At the beginning of the period covered by these accounts the Bridge House employed a carter, paid like the boatman a low weekly wage throughout the year, with at least one cart and a team of cart-horses. However, these could not do all the Bridge's carting, and were quite expensive to maintain (56–107, 243–94). Evidently the advantages of buying materials delivered to the store or site, and of hiring carters as the occasion warranted, prevailed. In 1462, halfway through the accounting year, the wardens sold the six carthorses and two carts, together with all the harness and some of the store of hay, and ceased to employ a carter (311, 338). They kept the riding-horses for the wardens until c. 1470, (fn. 38) but thereafter the wardens received an allowance for horsehire (338, 382, 487).
The best-known name among medieval Bridge Wardens must be that of Henry Yevele, architect and mason, who may have served from 1365 to 1395, though he asked to be allowed to resign in 1383. As a result of his experience and skill gained in London, he also contributed to the new building of Rochester Bridge in the 1390s. (fn. 39) He appears to be the only warden within the period covered by this volume who had a specialist knowledge of architecture and construction. At other times the wardens must have depended on the skills of the master masons and carpenters employed by the Bridge and perhaps also of the clerk of the works. (fn. 40) Throughout the period covered by this volume at least one chief or master mason and one chief or master carpenter were paid an extra allowance in respect of their supervisory activities. In 1381–2 they received a weekly wage at the same rate as the other skilled workmen, a quarterly reward of 5s. each, and offerings totalling 2s. each (67, 82, 93, 107). In 1420–1 they received a wage and an annual reward of 20s. (294), but they may also have profited from the supply of materials. (fn. 41) In 1461–2 the chief mason and carpenter were rewarded by full employment, that is they were paid wages for a six-day week throughout the year, and each also had an apprentice, for whom he received a wage for all or most of the year, but no extra reward seems to have been paid (340–1). In 1501–2 there was a chief mason, paid a yearly fee, and both a master carpenter of the Bridge works, and a warden carpenter. The former was clearly in overall charge, receiving a yearly fee for 'overseeing and putting-to his helping hand at all times needful', while the latter, appointed during the year, was paid for a six-day week from the time of his appointment (386–7, 390). By 1537–8 the chief mason was also credited with supervising work and buying materials, while there was now a chief carpenter and under him two warden carpenters, one for the waterworks, that is work on and under the bridge, and one for the land works, presumably mostly house-carpentry. The chief mason and chief carpenter each received an annual fee of £10, while the warden carpenters were paid wages for a six-day week throughout the year whether or not they worked the whole week (478–9).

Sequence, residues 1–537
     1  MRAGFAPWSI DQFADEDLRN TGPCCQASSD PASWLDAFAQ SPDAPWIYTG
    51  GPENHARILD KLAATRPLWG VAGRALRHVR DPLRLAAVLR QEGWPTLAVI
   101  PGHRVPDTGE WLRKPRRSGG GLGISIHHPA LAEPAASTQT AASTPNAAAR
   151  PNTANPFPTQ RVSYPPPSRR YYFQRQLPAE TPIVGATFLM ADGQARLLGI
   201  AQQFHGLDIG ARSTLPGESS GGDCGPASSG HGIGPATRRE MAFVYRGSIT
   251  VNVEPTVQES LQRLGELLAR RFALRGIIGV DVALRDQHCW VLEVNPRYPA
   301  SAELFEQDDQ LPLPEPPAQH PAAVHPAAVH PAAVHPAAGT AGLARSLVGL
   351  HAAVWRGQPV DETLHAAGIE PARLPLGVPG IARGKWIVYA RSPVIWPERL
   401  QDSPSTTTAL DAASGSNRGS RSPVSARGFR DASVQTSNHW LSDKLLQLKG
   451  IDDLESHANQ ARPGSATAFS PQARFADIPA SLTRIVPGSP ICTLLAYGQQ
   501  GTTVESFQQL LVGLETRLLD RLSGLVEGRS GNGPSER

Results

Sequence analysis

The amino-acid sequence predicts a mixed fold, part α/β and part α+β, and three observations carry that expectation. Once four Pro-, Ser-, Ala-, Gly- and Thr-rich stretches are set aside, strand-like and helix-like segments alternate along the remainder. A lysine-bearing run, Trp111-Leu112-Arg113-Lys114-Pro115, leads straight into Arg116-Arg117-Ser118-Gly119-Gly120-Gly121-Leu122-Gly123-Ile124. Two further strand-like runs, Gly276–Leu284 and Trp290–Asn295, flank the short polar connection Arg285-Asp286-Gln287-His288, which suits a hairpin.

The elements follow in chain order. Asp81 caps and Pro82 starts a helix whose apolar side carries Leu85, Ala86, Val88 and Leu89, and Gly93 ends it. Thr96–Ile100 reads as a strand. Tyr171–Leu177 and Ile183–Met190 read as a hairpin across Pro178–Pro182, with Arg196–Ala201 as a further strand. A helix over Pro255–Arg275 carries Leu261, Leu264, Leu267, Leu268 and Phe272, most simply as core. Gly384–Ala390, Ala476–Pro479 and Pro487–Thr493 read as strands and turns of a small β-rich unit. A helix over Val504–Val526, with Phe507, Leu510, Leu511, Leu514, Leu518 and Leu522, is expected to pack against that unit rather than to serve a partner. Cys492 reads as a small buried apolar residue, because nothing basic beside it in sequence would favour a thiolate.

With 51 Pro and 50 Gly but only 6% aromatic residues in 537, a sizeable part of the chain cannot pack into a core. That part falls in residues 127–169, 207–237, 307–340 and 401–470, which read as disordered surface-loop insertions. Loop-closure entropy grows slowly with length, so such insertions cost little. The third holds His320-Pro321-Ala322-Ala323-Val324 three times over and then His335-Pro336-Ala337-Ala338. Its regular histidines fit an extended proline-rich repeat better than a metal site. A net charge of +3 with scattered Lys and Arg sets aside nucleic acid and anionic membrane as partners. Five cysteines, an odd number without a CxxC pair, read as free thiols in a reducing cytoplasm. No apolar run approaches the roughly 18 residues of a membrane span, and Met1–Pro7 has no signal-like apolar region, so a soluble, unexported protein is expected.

The other building workmen employed by the bridge included a team of masons, usually four to six not counting the master, and a larger number of carpenters, depending on the amount of work in hand. In the fourteenth century they were paid by the week throughout the year, for a six-day week except in the weeks following Christmas, Easter and Whitsun (68, 83, 90). Two sawyers, a dauber, and a paviour were also paid for a six-day week throughout the year, with the same exceptions. One of the notable features of these accounts, however, is the progressive casualisation of the Bridge's workforce during the fifteenth century. By 1461–2 there had been a noticeable shift away from reliance on a permanent workforce, paid for the whole week, to day labour, while by 1501, day labour was dominant. By that time all the masons, carpenters, labourers, dauber, paviour, and tilers, apart from the chief masons and carpenters, were paid by the day. None of them worked for the Bridge for more than 260 days, and most worked for less than 200 days. One sawyer 'and his fellows', now paid by the hundred-foot sawn, did all the Bridge's sawing, but they probably did not get more than half a year's work; similarly, the Bridge gave almost all its tiling, paving and daubing work to one craftsman in each case, who brought servants and others, but none worked for a full year.